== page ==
Michael Will/Associated Press
One of Bayern's biggest advantages in creating their hegemony in the Bundesliga is simply a matter of geography. Apart from near-insolvent 1860 Munich (which they have kept on the football equivalent of a feeding tube in recent years), there are no traditional Bundesliga clubs anywhere near Munich. Nurnberg is 169 km north on the A9, Stuttgart is a 219 km drive westward and Freiburg is 352 km away from Munich.
Bayern's entire lack of competition in the general vicinity of Munich has been critical to their success in recruiting young talent as well as the support of fans in what is the wealthiest area of Germany. Philipp Lahm is a Munich man through and through, but Mr. Bayern himself, Bastian Schweinsteiger, was born 62 km away, in Kolbermoor. Thomas Muller's hometown was 52 km away from Munich. And Holger Badstuber was born 114 km from Munich, in Memmingen.
Bayern's sphere of influence extends even into Austria, a neighboring country with no top-class teams in its Bundesliga and more cultural and linguistic similarities to Bavaria than even the north and west of Germany. At present, one in seven of Bayern's reserves was born or spent most of his life in Austria.
Dortmund have it much harder than Bayern, geographically speaking. As the crow flies, Schalke's Veltins Arena is approximately 15 km from the Signal Iduna Park in adjacent Gelsenkirchen, and Leverkusen and Monchengladbach are both located within 100 km of Dortmund. Traditional sides Koln, Fortuna Dusseldorf and Bochum are also found under 100 km from Dortmund, with the 2. Bundesliga leaders Koln especially known for their academy, which sent youth internationals to play with the German under-18, 19, 20 and 21 teams in recent internationals.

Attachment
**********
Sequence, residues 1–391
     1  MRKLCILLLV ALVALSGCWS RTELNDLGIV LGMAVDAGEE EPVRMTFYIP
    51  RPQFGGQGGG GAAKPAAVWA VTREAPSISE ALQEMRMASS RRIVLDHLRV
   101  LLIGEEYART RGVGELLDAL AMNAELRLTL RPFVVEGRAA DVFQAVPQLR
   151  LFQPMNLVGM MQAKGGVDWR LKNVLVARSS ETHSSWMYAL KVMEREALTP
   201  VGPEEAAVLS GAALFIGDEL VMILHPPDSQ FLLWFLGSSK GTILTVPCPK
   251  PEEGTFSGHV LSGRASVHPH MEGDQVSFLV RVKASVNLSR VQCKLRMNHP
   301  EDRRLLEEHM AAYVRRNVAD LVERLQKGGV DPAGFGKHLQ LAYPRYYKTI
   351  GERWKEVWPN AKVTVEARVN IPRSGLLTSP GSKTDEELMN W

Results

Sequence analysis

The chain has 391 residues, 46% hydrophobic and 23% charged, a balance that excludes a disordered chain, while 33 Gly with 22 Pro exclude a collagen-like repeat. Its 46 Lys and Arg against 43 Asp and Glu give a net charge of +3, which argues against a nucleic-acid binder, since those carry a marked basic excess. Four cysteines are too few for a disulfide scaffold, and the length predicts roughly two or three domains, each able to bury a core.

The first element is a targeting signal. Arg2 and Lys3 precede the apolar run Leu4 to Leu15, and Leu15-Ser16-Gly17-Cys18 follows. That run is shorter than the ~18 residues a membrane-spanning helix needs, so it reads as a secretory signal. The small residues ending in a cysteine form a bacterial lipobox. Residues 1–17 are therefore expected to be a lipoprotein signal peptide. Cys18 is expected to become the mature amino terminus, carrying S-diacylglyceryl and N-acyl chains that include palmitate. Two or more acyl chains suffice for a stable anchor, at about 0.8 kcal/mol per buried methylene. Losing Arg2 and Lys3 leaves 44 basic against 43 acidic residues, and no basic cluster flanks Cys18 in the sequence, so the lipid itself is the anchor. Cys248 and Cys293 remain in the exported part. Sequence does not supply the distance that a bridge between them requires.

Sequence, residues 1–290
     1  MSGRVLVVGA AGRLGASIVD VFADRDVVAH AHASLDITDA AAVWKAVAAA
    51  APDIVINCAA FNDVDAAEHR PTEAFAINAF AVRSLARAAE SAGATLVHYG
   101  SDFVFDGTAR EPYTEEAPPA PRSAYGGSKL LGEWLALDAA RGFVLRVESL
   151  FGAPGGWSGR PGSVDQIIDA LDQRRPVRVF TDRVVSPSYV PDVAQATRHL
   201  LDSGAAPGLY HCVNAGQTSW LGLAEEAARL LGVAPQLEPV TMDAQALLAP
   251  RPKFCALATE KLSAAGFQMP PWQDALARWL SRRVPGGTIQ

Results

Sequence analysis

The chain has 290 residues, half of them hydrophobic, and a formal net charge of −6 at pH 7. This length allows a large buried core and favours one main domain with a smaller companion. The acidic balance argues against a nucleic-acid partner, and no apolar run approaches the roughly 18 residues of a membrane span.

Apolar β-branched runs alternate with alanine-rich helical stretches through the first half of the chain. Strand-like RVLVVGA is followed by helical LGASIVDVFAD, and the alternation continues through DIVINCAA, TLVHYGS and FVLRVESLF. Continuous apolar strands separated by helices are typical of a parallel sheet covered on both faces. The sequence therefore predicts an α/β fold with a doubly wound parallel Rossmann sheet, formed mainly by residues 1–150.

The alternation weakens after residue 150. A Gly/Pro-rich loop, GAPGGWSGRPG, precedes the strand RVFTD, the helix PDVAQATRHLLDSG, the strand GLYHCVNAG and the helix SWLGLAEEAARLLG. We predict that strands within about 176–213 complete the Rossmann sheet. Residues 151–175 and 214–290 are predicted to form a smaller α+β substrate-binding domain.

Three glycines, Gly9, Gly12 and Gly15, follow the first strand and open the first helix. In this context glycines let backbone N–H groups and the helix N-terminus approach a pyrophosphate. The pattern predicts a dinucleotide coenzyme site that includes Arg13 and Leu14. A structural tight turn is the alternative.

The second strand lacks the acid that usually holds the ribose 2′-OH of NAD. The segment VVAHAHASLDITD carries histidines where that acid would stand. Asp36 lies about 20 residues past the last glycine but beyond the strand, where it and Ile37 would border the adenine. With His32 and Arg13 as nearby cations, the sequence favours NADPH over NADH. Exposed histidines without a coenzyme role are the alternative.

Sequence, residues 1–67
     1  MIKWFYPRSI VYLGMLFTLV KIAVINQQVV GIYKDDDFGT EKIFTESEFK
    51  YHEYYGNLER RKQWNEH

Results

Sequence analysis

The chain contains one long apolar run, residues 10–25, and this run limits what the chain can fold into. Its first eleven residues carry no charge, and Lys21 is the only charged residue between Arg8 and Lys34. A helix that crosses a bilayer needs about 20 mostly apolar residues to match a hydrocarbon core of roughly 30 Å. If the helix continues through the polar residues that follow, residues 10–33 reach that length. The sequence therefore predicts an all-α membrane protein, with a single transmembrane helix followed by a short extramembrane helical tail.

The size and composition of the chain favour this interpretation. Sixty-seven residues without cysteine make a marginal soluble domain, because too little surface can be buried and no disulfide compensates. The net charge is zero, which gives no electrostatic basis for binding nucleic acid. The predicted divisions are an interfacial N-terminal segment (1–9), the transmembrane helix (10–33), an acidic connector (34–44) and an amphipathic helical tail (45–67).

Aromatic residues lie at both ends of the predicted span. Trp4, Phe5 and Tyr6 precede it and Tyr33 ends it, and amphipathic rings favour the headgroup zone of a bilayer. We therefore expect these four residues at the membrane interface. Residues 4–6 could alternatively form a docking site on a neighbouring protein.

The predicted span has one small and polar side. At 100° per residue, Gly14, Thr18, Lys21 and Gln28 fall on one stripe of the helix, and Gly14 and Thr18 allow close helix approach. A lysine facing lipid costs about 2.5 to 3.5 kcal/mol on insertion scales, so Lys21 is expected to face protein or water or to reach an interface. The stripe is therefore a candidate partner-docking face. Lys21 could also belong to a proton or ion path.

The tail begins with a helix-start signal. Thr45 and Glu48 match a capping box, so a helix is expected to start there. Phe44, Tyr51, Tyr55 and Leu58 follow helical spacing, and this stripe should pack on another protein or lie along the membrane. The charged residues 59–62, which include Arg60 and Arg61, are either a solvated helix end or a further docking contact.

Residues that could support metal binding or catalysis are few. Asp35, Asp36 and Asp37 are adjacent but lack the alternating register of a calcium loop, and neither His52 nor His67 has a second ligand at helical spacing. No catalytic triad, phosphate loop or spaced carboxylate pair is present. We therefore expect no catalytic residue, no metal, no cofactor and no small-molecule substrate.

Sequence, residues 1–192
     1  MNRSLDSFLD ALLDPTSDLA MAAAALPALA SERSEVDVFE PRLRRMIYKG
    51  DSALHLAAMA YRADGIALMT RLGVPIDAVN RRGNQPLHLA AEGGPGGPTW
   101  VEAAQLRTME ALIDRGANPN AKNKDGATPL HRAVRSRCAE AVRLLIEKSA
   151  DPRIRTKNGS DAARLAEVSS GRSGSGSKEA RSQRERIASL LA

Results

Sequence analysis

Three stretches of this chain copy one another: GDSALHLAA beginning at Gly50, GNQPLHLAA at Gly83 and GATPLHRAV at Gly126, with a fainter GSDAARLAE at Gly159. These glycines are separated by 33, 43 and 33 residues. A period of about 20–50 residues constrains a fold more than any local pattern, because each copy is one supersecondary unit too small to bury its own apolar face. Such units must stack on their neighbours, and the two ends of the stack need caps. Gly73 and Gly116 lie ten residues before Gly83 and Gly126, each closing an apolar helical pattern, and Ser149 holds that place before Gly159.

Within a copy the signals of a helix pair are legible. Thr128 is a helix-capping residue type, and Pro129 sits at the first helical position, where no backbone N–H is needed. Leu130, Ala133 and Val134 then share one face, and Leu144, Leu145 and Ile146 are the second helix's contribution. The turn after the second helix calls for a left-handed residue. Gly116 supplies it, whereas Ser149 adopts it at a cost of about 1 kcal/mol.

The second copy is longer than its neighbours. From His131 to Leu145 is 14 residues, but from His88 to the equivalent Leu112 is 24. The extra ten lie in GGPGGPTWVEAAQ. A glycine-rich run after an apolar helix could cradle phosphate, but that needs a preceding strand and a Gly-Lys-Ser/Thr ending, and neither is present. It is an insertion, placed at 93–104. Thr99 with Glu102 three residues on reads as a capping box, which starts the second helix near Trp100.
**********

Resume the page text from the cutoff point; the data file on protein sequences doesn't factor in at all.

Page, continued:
The Ruhr and surrounding area is the heart of German football and is somewhat sacred. But if Dortmund are to challenge Bayern, they may have to risk earning a similar reputation as a vulturous club. The way forward would be to create partnerships with local clubs that would see BVB send unneeded reserves to Ruhr area clubs in the lower divisions in exchange for rights to first refusal on rising stars from these clubs.
The advantage to lower clubs like Duisburg and Bochum, would be having players on hand who can keep them from sinking into oblivion (Duisburg were relegated to the 3. Liga by default last summer for failure to meet financial standards for the 2. Bundesliga), whereas Dortmund would have access to some top local talents.
Schalke are known for plundering the 2. Bundesliga for talent, notably signing Joel Matip and Leon Goretzka from Bochum. BVB would be wise to similarly pursue local talent, but with formal agreements in place to ensure that they (and not Leverkusen and Schalke) have access to the best of the best.